Netanyahu again urges ‘close the skies as quickly as possible’ as virus mutation fears grow

“It is clear to us that we are at the start of a very rapid spread,” Netanyahu said of the new virus.

By David Isaac, World Israel News

Prime Minister Benjamin Netanyahu again insisted on Monday morning that the proper course of action in the wake of news about a mutation of the coronavirus in Britain was to shut down air travel to Israel.

Israel’s coronavirus cabinet on Sunday afternoon agreed unanimously to ban foreign nationals entering Israel from South Africa, Denmark and the UK.

Netanyahu would like the ban to go further.

“I asked to convene the Cabinet for one purpose and that is to close the skies. Since the meeting last night, the mutation has spread in very many countries and it is clear to us that we are at the start of a very rapid spread,” Netanyahu told the cabinet on Monday morning.

“The viral mass entering Israel must be reduced as much as possible even as in England they are currently checking what exactly this virus is, whether it is resistant to the vaccine and additional questions. In order to do this, I ask that we duplicate what we did during the first wave of the coronavirus: To close the skies as quickly as possible,” he said.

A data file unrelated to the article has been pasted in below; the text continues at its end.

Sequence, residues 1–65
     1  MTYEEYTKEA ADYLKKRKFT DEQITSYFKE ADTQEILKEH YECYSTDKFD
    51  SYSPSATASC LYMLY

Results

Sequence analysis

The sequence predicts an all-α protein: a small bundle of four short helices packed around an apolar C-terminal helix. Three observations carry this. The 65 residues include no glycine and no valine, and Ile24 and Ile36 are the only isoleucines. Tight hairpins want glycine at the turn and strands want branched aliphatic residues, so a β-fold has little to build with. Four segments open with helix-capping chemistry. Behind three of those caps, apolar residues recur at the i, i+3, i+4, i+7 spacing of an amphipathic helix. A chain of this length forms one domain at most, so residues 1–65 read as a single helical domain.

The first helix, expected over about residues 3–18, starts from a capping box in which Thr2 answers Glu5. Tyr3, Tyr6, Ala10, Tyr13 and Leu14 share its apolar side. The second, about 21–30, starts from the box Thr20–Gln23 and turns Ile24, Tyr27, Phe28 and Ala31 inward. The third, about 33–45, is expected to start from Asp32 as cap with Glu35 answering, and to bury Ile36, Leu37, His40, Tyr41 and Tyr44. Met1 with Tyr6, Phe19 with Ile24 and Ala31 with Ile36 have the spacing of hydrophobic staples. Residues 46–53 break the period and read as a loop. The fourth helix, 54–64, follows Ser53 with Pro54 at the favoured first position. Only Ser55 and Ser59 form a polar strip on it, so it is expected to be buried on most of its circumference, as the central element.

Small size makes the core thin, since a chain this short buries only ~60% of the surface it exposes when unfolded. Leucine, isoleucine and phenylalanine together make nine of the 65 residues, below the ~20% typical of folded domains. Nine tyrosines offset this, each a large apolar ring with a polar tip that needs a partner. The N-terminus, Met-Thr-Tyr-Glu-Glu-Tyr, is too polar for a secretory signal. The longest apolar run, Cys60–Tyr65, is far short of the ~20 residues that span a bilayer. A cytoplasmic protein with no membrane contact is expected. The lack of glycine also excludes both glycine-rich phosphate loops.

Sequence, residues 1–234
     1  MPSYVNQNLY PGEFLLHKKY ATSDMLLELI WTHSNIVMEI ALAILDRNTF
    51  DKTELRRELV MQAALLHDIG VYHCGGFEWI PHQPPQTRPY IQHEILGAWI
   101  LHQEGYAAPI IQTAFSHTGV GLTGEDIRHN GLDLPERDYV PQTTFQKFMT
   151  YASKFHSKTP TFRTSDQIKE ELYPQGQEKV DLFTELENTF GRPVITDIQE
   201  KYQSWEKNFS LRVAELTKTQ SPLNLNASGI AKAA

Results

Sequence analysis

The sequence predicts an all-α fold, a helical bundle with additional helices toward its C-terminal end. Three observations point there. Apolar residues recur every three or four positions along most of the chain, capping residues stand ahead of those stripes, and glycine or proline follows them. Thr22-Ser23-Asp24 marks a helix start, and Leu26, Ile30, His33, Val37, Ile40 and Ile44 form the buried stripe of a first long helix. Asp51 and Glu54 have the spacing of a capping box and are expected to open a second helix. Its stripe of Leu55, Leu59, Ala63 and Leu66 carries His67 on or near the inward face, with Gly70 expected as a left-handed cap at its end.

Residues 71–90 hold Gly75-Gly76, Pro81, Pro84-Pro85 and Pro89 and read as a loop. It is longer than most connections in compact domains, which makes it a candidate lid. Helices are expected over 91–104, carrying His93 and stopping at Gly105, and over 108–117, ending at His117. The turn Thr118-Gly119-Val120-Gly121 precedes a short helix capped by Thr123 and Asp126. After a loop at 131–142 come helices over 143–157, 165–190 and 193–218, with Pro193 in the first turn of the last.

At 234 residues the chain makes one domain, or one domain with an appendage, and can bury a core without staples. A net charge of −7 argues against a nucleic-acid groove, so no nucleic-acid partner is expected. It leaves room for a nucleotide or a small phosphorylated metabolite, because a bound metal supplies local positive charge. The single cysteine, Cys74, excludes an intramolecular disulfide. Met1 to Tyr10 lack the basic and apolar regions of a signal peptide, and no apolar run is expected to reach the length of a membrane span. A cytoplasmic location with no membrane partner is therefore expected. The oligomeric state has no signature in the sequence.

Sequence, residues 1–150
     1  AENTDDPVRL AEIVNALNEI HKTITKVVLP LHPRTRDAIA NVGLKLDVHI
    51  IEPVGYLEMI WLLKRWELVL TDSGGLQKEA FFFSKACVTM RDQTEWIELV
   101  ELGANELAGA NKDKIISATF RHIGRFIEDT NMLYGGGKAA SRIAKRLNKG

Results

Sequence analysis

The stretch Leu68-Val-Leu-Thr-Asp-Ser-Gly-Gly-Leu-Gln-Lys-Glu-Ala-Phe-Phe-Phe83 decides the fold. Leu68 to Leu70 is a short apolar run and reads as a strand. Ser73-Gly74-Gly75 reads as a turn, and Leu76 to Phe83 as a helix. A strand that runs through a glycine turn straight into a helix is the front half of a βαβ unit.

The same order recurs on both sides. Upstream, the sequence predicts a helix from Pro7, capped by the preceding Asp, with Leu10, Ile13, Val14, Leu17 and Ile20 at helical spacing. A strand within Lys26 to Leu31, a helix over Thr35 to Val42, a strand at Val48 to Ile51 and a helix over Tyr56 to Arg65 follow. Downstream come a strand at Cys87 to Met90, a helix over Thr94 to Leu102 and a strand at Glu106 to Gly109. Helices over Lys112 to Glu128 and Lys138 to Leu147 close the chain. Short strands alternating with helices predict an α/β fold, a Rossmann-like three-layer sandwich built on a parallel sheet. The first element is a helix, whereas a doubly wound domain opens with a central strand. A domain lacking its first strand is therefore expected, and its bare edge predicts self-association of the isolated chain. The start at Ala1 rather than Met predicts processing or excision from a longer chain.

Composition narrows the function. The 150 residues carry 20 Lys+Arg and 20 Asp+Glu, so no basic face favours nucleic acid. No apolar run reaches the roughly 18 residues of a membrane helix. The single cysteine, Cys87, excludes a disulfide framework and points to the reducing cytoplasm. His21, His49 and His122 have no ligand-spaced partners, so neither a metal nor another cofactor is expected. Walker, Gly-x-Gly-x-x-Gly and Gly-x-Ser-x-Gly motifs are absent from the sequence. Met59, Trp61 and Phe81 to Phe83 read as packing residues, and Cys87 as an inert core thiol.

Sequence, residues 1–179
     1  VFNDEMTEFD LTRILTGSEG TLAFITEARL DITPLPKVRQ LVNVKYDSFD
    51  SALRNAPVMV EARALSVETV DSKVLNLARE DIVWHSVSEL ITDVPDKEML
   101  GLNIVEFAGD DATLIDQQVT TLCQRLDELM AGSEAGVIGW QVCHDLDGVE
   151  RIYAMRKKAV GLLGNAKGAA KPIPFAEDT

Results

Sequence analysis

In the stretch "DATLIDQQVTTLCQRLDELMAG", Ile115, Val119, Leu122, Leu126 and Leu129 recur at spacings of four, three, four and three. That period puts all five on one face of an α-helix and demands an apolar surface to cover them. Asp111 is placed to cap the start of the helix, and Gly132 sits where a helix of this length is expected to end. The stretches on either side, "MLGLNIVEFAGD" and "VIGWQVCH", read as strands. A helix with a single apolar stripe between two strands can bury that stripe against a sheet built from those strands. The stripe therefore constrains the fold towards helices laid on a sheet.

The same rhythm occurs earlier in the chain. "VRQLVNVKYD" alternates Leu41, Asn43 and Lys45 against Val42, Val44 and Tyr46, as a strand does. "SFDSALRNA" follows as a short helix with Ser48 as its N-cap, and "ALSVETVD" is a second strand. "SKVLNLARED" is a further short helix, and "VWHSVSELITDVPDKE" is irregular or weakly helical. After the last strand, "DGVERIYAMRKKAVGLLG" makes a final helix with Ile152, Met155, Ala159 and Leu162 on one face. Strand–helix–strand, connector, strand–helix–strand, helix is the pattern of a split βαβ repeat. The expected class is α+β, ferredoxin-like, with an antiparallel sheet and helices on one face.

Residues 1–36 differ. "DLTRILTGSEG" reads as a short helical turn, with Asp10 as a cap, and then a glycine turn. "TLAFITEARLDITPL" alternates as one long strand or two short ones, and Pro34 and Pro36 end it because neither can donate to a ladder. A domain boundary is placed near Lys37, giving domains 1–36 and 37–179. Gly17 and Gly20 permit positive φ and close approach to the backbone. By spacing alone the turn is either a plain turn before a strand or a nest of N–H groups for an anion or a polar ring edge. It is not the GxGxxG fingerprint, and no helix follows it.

Netanyahu had warned on Sunday that passenger air traffic to Israel should be restricted to returning Israelis only and most outbound flights should be halted.

“This is an extreme step, but if there is a result [from the mutation], it will be difficult. There is no legal impediment to closing the sky except for the return of Israelis,” he had said.

Netanyahu met with a mixed reaction to his remarks at the Sunday meeting with the head of the coronavirus task force supporting him but the Transportation minister opposing, saying “there is no reason to close the skies.”

It’s unknown if the new variant of the virus is less vulnerable to the new vaccines that have just been released, or whether it’s more deadly. The new virus strain is more contagious, however.

There are 17 mutations in the new virus strain, most connected to the spike protein that allows the virus to infect human cells.